These statistical values provide an overview of the spectral characteristics of the study area and can be used to analyse the distribution and variability of its vegetation, water bodies, and built-up areas. The correlation analysis between these landscape indices and LST can further provide insights into the relationships between the land cover features and thermal variations.

4.2. Spatial Distribution of LST

Urbanisation contributes significantly to climate change and the resulting thermal variations across the Earth’s surface. Consequently, estimating the LST accurately is of the utmost importance for studying the effects of urbanisation and climate change on urban environments [34].
The spatial distribution of the LST provides valuable insights into the temperature patterns and variations across the study area. By analysing the LST data, it was understood how the thermal conditions varied spatially, allowing us to identify areas of higher or lower temperatures.
The LST distribution map revealed distinct thermal patterns across the study area. The area is characterised by vegetation cover, and its water bodies exhibited relatively lower temperatures, indicating the presence of cooler microclimates. These regions benefit from the cooling effects of evapotranspiration and shading provided by vegetation and the presence of water, which acts as a natural heat sink. Such blue-green spaces contribute to mitigating UHI effects and creating more comfortable living environments.
On the other hand, bare land and impervious surfaces, including sand patches, urban structures, roads, and pavements, exhibited higher LST values. These areas experience elevated temperatures due to the absorption and re-emission of solar radiation by artificial materials, sand patches, and the limited presence of vegetation. The spatial distribution of the LST in these non-vegetated non-blue-green spaces showed pronounced temperature gradients, with localised hotspots corresponding to densely built urban areas.
A thermal hotspot map (Figure 4) was generated based on the masked LST data to further understand the thermal stress of the study area. This map highlights the areas with the highest temperatures, indicating the presence of intense heat accumulation and potential thermal stress. The southwestern part of the city stood out as a significant thermal hotspot due to its distance from the river and low vegetation density. Identifying thermal hotspots provides valuable information for urban planning and implementing heat mitigation strategies.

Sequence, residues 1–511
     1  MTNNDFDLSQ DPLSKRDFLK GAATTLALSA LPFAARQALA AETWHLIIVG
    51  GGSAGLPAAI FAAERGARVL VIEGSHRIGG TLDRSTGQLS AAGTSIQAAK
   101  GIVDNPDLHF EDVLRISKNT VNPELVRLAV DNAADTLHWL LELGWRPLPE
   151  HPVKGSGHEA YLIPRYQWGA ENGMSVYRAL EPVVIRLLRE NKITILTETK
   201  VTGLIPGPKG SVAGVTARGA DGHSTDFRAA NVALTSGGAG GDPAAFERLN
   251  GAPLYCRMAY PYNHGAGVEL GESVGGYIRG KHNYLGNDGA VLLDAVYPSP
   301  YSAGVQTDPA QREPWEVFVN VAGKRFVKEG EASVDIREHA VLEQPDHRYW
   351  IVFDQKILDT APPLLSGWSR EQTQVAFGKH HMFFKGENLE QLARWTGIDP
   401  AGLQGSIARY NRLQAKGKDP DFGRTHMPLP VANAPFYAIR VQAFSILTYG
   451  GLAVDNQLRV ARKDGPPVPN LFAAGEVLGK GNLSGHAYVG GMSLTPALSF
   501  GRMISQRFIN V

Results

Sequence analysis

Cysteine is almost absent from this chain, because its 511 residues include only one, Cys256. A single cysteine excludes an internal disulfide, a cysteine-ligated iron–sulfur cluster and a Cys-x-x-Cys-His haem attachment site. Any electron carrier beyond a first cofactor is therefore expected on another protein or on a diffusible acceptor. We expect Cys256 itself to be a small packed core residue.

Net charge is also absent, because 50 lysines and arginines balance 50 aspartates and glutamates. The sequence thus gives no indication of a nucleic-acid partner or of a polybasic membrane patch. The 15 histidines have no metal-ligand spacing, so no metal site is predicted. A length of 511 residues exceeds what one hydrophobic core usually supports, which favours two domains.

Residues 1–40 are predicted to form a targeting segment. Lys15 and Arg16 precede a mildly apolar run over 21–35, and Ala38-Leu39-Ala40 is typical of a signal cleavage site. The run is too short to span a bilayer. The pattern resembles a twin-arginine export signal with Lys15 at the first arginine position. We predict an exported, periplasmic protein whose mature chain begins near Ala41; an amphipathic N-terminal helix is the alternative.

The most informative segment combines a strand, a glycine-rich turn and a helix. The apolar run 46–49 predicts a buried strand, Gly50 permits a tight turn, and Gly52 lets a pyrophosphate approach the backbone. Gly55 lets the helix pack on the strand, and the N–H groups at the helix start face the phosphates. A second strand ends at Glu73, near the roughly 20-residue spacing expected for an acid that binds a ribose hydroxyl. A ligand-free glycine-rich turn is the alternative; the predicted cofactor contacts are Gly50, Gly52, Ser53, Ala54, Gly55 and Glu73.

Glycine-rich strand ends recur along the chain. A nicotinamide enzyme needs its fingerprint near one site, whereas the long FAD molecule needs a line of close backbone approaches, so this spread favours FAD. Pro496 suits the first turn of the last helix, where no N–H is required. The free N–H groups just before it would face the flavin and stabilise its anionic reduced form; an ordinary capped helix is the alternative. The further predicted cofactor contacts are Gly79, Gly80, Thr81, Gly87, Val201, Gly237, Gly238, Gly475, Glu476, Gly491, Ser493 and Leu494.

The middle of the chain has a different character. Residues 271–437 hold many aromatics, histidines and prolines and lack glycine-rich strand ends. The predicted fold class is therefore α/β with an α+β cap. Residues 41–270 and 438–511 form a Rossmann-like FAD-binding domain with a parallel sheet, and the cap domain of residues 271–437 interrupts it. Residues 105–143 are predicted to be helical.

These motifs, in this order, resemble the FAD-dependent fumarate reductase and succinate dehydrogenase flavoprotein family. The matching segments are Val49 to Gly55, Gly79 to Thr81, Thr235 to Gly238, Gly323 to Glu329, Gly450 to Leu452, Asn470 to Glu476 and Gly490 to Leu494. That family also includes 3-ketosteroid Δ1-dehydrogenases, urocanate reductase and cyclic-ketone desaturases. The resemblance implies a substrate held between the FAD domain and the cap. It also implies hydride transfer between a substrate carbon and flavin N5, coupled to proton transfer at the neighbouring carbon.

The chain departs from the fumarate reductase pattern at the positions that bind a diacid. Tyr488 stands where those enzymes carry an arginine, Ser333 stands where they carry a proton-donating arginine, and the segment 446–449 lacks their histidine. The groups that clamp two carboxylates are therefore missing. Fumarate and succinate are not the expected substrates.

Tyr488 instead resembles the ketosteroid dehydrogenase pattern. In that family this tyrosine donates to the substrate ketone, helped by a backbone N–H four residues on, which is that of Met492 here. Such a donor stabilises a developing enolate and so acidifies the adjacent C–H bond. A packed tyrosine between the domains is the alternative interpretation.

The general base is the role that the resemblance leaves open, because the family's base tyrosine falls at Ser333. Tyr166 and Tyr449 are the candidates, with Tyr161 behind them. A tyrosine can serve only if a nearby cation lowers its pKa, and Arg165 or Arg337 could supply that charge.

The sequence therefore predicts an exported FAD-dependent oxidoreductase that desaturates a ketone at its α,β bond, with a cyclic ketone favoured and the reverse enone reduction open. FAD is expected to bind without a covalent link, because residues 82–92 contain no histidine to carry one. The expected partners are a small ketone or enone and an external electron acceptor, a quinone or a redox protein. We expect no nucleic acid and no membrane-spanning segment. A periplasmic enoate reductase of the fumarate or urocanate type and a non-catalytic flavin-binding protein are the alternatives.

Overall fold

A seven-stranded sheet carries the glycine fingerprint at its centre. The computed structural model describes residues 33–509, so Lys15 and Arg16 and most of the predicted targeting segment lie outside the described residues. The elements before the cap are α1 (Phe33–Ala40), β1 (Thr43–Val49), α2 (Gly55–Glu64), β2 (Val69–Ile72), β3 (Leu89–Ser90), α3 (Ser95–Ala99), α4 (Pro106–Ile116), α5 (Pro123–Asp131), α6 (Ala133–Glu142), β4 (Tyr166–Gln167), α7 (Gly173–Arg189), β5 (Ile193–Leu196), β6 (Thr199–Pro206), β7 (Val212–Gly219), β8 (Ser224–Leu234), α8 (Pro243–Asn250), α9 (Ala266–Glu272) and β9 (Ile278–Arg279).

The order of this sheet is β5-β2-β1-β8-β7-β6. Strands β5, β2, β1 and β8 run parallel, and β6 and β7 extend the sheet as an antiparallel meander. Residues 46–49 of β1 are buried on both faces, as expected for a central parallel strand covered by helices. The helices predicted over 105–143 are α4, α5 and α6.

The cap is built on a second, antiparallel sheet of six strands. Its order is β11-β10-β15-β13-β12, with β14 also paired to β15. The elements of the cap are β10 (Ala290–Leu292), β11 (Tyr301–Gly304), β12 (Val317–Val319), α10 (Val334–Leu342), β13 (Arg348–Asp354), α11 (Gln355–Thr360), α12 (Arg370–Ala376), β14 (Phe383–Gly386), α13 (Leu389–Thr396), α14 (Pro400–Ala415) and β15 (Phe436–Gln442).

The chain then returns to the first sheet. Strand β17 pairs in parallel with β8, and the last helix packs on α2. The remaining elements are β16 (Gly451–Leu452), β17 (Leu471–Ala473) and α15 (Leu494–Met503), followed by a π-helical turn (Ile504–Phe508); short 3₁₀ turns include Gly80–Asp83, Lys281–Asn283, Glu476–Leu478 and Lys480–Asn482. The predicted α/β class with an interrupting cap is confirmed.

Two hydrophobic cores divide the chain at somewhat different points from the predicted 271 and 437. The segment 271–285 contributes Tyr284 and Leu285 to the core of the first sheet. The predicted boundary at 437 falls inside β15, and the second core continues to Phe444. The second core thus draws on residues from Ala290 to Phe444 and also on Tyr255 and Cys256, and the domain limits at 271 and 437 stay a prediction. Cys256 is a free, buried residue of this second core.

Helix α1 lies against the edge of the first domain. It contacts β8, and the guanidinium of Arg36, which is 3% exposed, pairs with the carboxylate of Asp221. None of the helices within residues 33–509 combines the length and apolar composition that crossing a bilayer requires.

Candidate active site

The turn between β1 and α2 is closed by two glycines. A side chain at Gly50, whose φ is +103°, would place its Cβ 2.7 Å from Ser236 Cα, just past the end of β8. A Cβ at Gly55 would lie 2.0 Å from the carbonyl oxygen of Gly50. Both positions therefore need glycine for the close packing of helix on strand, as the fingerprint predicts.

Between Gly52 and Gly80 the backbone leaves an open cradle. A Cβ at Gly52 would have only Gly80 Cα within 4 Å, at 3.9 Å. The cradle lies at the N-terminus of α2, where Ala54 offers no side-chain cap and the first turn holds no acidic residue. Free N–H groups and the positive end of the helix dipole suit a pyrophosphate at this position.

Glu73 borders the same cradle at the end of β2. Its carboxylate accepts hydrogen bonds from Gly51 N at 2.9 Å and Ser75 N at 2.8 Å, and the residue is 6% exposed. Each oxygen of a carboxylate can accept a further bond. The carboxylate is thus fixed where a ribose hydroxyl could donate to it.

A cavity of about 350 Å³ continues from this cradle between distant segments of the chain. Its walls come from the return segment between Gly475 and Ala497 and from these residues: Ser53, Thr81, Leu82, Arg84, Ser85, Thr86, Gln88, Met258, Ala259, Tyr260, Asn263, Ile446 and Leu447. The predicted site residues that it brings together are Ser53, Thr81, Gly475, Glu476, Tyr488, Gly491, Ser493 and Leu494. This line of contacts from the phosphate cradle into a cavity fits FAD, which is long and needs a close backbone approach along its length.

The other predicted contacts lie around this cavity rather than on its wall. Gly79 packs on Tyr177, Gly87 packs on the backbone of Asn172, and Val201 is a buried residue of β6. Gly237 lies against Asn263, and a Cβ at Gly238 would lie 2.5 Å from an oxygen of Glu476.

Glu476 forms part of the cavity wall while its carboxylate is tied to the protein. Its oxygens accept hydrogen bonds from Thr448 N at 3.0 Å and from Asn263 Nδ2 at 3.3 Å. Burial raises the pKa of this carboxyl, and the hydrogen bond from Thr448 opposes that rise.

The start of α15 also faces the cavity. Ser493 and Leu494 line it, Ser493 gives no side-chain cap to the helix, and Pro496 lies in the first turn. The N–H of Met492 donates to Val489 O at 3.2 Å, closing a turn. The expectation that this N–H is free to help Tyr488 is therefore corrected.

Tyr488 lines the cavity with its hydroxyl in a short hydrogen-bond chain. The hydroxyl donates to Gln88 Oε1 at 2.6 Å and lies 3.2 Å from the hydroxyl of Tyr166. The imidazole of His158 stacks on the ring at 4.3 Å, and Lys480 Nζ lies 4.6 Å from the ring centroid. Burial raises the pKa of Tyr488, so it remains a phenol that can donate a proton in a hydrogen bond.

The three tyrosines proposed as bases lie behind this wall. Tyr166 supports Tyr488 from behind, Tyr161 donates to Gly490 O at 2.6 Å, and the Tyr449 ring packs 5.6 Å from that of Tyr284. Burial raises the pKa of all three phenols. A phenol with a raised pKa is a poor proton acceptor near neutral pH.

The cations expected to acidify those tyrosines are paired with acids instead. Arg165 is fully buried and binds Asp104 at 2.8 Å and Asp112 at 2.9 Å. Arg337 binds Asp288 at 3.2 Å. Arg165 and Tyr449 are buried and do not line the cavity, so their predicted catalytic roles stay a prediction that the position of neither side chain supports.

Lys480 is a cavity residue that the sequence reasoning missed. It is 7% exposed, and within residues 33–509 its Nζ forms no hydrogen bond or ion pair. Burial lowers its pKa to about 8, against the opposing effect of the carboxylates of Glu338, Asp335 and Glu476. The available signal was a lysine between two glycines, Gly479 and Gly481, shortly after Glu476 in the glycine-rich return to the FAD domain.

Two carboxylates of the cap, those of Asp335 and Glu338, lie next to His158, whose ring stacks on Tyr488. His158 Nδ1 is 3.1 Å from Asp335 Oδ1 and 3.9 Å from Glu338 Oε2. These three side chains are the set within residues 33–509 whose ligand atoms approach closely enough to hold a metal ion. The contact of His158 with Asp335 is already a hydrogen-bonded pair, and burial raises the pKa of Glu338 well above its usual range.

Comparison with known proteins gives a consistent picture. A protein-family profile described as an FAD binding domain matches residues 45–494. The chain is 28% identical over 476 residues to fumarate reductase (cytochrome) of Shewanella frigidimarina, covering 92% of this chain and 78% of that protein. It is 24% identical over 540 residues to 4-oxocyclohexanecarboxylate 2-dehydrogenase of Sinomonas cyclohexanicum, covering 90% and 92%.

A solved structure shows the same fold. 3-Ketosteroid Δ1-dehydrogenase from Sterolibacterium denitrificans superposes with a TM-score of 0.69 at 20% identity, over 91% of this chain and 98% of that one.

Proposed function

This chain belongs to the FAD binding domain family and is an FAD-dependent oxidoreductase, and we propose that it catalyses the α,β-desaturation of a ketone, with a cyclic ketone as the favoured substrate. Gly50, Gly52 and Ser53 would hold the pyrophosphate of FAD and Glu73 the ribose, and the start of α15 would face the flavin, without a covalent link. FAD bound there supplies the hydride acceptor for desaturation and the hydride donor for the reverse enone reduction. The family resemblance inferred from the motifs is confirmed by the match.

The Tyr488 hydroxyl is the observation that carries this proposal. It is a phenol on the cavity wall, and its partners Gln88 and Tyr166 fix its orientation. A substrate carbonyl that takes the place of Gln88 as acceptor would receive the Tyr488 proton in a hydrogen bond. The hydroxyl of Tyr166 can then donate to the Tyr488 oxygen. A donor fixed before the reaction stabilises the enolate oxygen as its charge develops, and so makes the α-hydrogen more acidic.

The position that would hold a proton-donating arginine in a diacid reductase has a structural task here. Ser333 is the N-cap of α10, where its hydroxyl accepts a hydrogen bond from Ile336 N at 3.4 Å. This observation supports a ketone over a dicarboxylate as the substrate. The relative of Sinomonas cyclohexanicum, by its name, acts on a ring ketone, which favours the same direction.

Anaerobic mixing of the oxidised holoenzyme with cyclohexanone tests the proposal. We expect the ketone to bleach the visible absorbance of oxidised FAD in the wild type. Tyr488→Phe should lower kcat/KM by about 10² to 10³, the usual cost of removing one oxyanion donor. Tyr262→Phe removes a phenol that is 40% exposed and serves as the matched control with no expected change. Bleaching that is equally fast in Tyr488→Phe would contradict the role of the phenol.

Figure 5 illustrates the MODIS LST product (MOD11A1) for 13 April 2023 and resampled Landsat-estimated LST. The nearest neighbour resampling of the Landsat-derived LST to the spatial resolution of the MODIS product decreased the maximum temperature from 47.85 to 47.02 °C and increased the minimum temperature from 30.38 to 30.95 °C. Statistical summaries of both the MODIS and Landsat LST are shown in Table 2.
The mean temperature values further reflected the closeness of the LST values in both datasets. Figure 6 illustrates the positive correlation (R2 = 0.83) and depicts that both the MODIS and Landsat LST were highly correlated, indicating the high reliability of the Landsat-estimated LST. Therefore, the Landsat-estimated LST can be used for further analysis.
In the following sections, we will delve deeper into comparing the LSTs between the blue-green and non-blue-green areas and explore the implications of these temperature variations for the urban environment.

4.3. Comparison of LST between Different Urban Areas

Landscape features significantly impact the LST, as they considerably change the thermal characteristics of surfaces [57]. A comprehensive masking approach was applied to investigate the thermal characteristics of the blue-green and non-blue-green spaces within the study area. The blue-green spaces, encompassing vegetation and water bodies, were masked from the LST data, allowing for a focused analysis of the contrasting thermal behaviour between these two land cover types. The masked LST data revealed distinct temperature variations, providing valuable insights into the cooling effects of blue-green spaces and the thermal patterns associated with non-blue-green areas.
In Table 3, the statistics reveal notable differences in the temperatures between the blue-green and non-blue-green spaces. The blue-green spaces exhibited lower LST values, with a minimum of 23.87 °C and maximum of 38.07 °C. The mean LST in these areas was 31.97 °C, with a standard deviation of 1.53 °C. This indicates a relatively cooler thermal environment, attributed to the presence of vegetation and water bodies, which help to mitigate UHI effects.
In contrast, the non-blue-green spaces, characterised by bare land and built-up areas, demonstrated higher LST values. The minimum LST recorded in these areas was 24.62 °C, while the maximum reached 40.38 °C. The mean LST in the non-blue-green spaces was 34.12 °C, with a standard deviation of 1.34 °C. These higher LST values reflected the heat-absorbing nature of urban infrastructure, sand patches, and the limited presence of vegetation.